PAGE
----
Hopefully he will be sued. Maybe he will still do not understand what he did wrong, but he at least will understand that he did something wrong that he should not do again.

  • by MrPerfekt (414248) on Monday September 11, 2006 @03:38AM (#16079512) Homepage Journal
    At first, I was on the side of the guy that posted all the info. "It's their fault they gave their information out before knowing who they were giving it to.", I thought. Then I realized that despite how bizarre and fucked up I may find the S&M fetish, there are probably a thing or two I like that'd gross out other people and would I like that information broadcast? Probably not.

    This also brings up a good point about meeting people with particular "interests" online. Say I like feet. I don't. But say I did and I want to find people with the same interest as mine. The Internet is probably where I'd turn. It's not like you can go to Starbucks and start randomly asking people. Now, this guy finds foot fetishes objectionable and outs me. I'm not doing anything illegal but I'm sure my employer would look differently at me for knowing despite having an obligation to not do that. It's all about impressions and what you know about someone. You can't forget something like that. That's why people keep those things to themselves.

    So long story, short. I read what this guy posted. I read what the submissions were. I read how this guy is acting after the fact. He's his own moral sheriff apparently. Which is pretty lame considering there's alot of terrorists running about out there doing the same thing only instead of humiliation, they prefer death. So, it all goes back to: yes, you have a right to do something (and in this case, maybe not even then) but that doesn't mean you _should_ do it.

    What I think about what these people like to say to their sexual partners is irrelevant and it should be irrelevant to you to. If you feel otherwise, then you're just trying to play an authority figure and "stick it" to these people.

    Treat people like you'd want to be treated. This guy is just a douche bag.
  • Missing? (Score:5, Interesting)

    by Omestes (471991) <omestes@gma[ ]com ['il.' in gap]> on Monday September 11, 2006 @03:42AM (#16079521) Homepage Journal
    Odd thing, the full Encyclopeida Dramatica [encycloped...matica.com] site is down, and even more strange is that the Wikipedia article [wikipedia.org] for it is deleted and protected, along with the talk page, and there is no explanation, it has been down since august. Does anyone have any idea why this is?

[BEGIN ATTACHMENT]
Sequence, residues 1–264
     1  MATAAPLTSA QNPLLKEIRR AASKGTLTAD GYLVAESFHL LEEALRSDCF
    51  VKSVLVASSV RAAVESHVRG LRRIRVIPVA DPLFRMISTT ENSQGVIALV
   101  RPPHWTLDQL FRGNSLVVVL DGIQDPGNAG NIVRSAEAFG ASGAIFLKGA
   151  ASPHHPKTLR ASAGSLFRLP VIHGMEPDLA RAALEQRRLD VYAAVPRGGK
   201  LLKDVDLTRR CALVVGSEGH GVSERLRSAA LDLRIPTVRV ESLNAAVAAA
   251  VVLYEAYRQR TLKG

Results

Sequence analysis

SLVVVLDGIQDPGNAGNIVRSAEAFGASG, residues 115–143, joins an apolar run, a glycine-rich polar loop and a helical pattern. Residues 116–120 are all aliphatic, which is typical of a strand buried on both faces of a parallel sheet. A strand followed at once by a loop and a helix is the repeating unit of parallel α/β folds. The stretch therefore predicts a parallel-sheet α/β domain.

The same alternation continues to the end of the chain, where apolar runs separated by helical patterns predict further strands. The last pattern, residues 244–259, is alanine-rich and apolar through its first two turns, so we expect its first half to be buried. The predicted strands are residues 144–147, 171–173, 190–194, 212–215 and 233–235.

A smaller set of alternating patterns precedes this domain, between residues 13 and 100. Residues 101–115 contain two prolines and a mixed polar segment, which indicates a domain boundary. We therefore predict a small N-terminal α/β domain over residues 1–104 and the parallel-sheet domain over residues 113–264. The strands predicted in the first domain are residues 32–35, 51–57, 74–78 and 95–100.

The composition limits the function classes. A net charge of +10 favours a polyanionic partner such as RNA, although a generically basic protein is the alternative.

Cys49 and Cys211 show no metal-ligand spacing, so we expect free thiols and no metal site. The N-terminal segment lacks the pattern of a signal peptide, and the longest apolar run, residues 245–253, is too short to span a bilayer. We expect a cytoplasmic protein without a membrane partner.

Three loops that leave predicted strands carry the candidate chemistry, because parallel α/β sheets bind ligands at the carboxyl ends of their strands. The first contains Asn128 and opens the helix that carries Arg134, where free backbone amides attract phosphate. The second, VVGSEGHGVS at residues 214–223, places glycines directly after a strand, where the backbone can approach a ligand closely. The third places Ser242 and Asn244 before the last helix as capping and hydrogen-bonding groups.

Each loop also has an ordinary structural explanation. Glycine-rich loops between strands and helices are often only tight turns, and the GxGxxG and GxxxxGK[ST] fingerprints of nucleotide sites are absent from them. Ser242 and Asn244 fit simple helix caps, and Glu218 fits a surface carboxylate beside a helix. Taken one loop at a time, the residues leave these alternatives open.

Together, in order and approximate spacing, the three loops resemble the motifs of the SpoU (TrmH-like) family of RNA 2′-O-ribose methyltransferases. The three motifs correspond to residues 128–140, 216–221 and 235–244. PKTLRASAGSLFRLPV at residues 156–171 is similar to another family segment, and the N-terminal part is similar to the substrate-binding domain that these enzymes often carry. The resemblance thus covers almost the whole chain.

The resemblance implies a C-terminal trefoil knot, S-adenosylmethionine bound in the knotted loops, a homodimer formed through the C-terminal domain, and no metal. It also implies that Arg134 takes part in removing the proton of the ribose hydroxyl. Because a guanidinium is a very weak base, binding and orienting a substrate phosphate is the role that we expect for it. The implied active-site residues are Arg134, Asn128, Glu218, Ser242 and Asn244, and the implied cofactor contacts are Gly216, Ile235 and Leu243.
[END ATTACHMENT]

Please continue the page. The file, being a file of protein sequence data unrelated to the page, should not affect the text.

Did it get slashdotted, or purposely removed? Also whats up with the Wikipedia page. I would like to at least know what the Encyclopedia Dramatica is, the only source I could really find was from Urban Dictionary, which really isn't the best source of anything.
  • Experement? Where? (Score:3, Insightful)

    by Zadaz (950521) on Monday September 11, 2006 @03:48AM (#16079534)
    What's the hypothesis, and what was he trying to prove?

    Since he doesn't mention this on his wiki, I'll draw a conclusion:
    He's an idiot that thought it would be fun to prank some people he thought were deviants.

    I agree that people need a wake up call to get to not blindly trust anyone with an email address, but this is just preying on the weak. People looking for a hookup on the Internet? They should be rewarded for putting it out there not raked over the coals as perverts.
  • It's simple (Score:3, Insightful)

    by malahoo (128370) on Monday September 11, 2006 @03:53AM (#16079540) Homepage
    Don't say anything to a perfect stranger that you wouldn't say in front of your mom.
  • What an idiot (Score:4, Interesting)

    by Antony-Kyre (807195) on Monday September 11, 2006 @03:53AM (#16079541)
    The simple fact he posted personal information like that will be his undoing. It being a prank or experiment is one thing, but when he violated people's privacy, he went too far. He could have somehow censored a lot of the stuff he was sent, still proving that he received the material though.

    There's one thing though. If he's a heterosexual male, you have to feel sorry for the fact he saw the genitalia of other men.

    As for those (stupid) people who gave out their personal information, at least their doing one thing good. Proving that it's a bad idea to give out such personal information. Always be cautious.

    Does craigslist have any sort of policy against what has happened? Didn't any of the men put any disclaimer in the e-mails they sent to not share out their personal information? (I know when I contact certain sites, I ask not to be added to any mailing list inside the message, but of course, that's a different thing entirely.)
  • How funny... (Score:4, Interesting)

    by Shads (4567) <shadusNO@SPAMshadus.org> on Monday September 11, 2006 @04:01AM (#16079558) Homepage Journal
    ... now he's yanking information that was on his site, design portfolio stuff, etc... silly man, doesn't he know about the wayback machine? :)

    http://web.archive.org/web/*/http://rfjason.com [archive.org]
  • by BeeBeard (999187) on Monday September 11, 2006 @04:10AM (#16079588)
    So THAT's why I never got a reply! My self esteem was taking a pretty big hit there, what with my sending pictures of my erect penis to a complete stranger (which is a perfectly reasonable and intelligent thing to do, by the way), and then not getting back a reply. I'm just glad we live in a world where you can do such a thing with absolutely no repercussions, ever.